It is March 15, a day known in antiquity as the Ides of March. From 44 BCE onward, it would also be remembered as the day that Gaius Julius Caesar was assassinated. Here are a few facts you may not be aware of on this infamous day.
A favorite book of Steve Bannon’s is Sun Tzu’s The Art of War. A classic of military strategy, The Art of War was compiled during the Warring States period (403-221 BCE) in ancient Chinese history. It was a time of intense civil warfare in China, a time when a cessation in fighting was merely a pause between the next round of battles among warlords. It’s still widely read today for its insights into war, its clever stratagems and tactics, and its lessons into human nature and behavior. Bannon, who served in the U.S. Navy, is an armchair strategist with an affinity for military history books. He appears to believe in inevitable conflict between the Judeo-Christian West, which he favors due to its “enlightened” values, and the World of Islam, which he sees as retrograde and barbaric when compared to the West. He sees the world as already being in a “warring states” period writ large, a realm of conflict marked by “holy war” to be mastered by warrior/scholars like himself. Joining him in this belief is Donald Trump, who took great pains to recite the phrase “radical Islamic terrorism” in his speech before Congress, as if using these words were a mark of personal courage on his part. Trump has boasted about winning the “next” war, as if war during his presidency is inevitable. And I suppose it is, with Trump at the helm and advisers like Bannon, Sebastian Gorka, and Stephen Miller pursuing a bellicose hardline against Islam. Be careful what you wish for, Trump and cronies, and be especially careful about declaring victory in wars before you’ve even fought them. Here Sun Tzu has much to teach our “warriors” in the White House. For one thing, Sun Tzu writes that a battle is best won without fighting at all. Said Sun Tzu: “Fighting and winning a hundred wars is not the greatest good. Winning without having to fight is.” In other words, you set the stage so carefully that the enemy must surrender or face obliteration before the curtain is even raised on war. Secondly, Sun Tzu warns about the folly of protracted wars, how they deplete the national budget and weaken a state, especially when support among the people is tepid. Warfare, notes Sun Tzu, must be treated with the greatest caution, even as it is waged with great cunning. Best of all is to outsmart the enemy; next best is to form alliances, to build a much bigger army than the enemy, which may force them to capitulate. Worst of all is to get bogged down in long wars, especially in cities, which require expensive sieges that wear on both sides (just ask the Germans at Stalingrad about this). Ultimately, Sun Tzu writes that by understanding oneself and one’s enemy, a skilled leader can engage in a hundred battles without ever being in serious danger. But an unskilled leader who does not truly know his own nature or that of his enemies is one who is fated always to lose. Trump, who fancies himself a great leader and who is ignorant of foreign nations and peoples, does not inspire confidence here, even as he promises the American people that we’re going to win so much, we’ll get bored with winning. Sun Tzu puts great emphasis on careful planning and sober deliberation before launching attacks. If the recent Yemen raid is any indicator, Trump is neither a careful planner nor a sober deliberator. Indeed, Trump’s personal qualities expose him to being manipulated by a cunning enemy. In listing the personal traits that are dangerous in a commander, Sun Tzu mentions “quick to anger” as well as “self-consciousness” or vanity. One who’s quick to anger can be goaded by insults into making poor decisions; one who’s vain and self-conscious can be humiliated or manipulated into rash action. Trump promises an American military that is so big and so strong that no country will dare attack us. Yet Trump himself, surrounded by his “warrior” advisers, isn’t content to build a huge military while not using it. Indeed, Trump is already using it, notably in Yemen, pursuing policies that are fated to perpetuate warfare around the globe. And it’s hardly encouraging that, after the failed Yemen raid, Trump shifted the blame to his generals rather than taking it himself. Remember what Sun Tzu warned about vanity as well as perpetual warfare, especially when your own people are increasingly divided? Something tells me this lesson is lost on Trump, Bannon, and crew. Embracing the stratagems of The Art of War, its emphasis on surprise, subterfuge, deception, and quick strikes, is not enough. You must seek the wisdom at its core, which is very much against war except as a last resort. Know thyself, said Sun Tzu, echoing the Greek philosopher Socrates. Face yourself squarely, recognize your flaws, your vanity (“All is vanity,” say the Christian Bible, a book Trump professes to treasure), and be careful indeed in unleashing war. Do Trump, Bannon, and company know themselves, admit to their flaws and vanities, and recognize that war, in all its perils and costs, should be a course of last resort? So far, evidence is wanting. Astore, a retired lieutenant colonel (USAF) and history professor, blogs at Bracing Views. -- This feed and its contents are the property of The Huffington Post, and use is subject to our terms. It may be used for personal consumption, but may not be distributed on a website.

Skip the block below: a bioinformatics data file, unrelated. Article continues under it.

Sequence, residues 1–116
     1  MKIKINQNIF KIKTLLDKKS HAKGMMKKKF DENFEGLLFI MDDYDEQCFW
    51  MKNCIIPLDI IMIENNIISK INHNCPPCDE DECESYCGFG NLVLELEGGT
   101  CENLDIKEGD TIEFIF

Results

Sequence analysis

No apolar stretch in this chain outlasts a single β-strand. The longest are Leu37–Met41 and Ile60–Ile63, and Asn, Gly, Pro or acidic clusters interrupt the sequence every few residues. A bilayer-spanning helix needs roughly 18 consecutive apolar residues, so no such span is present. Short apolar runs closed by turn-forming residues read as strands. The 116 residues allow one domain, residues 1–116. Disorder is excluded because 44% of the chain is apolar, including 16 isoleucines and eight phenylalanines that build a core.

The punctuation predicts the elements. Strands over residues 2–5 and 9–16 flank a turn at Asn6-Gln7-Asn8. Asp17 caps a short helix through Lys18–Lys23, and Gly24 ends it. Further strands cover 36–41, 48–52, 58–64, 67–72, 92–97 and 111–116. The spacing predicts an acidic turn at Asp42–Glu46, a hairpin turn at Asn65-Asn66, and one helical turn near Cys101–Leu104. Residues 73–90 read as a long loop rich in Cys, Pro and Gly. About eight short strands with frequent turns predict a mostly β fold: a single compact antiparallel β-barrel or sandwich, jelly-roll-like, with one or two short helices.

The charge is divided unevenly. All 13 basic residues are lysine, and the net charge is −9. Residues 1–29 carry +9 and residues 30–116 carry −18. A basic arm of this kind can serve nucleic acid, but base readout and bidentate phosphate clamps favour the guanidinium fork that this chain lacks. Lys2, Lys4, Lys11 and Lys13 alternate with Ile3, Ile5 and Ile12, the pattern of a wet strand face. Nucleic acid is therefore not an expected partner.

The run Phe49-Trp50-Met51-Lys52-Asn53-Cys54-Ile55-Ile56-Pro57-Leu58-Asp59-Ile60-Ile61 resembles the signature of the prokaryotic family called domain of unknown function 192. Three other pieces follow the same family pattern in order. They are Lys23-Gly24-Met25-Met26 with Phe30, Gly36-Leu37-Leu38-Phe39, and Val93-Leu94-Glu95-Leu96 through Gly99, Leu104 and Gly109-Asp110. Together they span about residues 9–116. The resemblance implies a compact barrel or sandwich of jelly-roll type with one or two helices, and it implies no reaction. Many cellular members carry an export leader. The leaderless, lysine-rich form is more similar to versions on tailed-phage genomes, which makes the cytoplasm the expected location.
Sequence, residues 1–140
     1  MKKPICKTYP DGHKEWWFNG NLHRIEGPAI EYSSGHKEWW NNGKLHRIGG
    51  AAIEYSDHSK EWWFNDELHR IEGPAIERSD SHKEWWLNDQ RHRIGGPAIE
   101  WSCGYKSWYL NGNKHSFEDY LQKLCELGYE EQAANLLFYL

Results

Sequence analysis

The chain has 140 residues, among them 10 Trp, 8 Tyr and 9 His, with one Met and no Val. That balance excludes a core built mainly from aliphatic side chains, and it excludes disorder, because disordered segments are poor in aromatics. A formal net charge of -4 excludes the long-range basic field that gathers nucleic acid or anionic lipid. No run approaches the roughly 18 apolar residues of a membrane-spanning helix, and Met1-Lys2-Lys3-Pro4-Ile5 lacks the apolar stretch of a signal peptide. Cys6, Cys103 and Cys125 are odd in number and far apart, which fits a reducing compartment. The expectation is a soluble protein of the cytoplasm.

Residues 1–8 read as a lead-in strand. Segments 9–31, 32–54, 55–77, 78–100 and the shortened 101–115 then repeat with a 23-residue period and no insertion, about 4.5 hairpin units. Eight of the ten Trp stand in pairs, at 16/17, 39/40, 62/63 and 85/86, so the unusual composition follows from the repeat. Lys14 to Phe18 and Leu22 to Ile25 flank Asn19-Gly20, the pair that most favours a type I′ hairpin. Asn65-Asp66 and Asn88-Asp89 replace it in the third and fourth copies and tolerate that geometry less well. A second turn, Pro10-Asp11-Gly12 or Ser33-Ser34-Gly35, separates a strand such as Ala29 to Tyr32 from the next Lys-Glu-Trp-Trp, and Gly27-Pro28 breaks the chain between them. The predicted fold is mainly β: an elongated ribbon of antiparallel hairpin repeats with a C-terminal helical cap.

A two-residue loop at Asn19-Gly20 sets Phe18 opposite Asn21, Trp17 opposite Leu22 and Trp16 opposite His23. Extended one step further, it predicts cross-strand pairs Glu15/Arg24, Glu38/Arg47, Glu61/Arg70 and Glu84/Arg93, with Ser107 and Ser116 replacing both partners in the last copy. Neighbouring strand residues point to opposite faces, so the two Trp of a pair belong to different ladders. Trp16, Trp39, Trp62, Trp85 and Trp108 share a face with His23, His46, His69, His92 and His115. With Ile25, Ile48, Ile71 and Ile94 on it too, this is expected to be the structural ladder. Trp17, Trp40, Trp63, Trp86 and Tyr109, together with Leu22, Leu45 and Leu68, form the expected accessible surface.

The telecom industry saw strong performances by most of the key stocks last week. A few developments even made it to the headlines.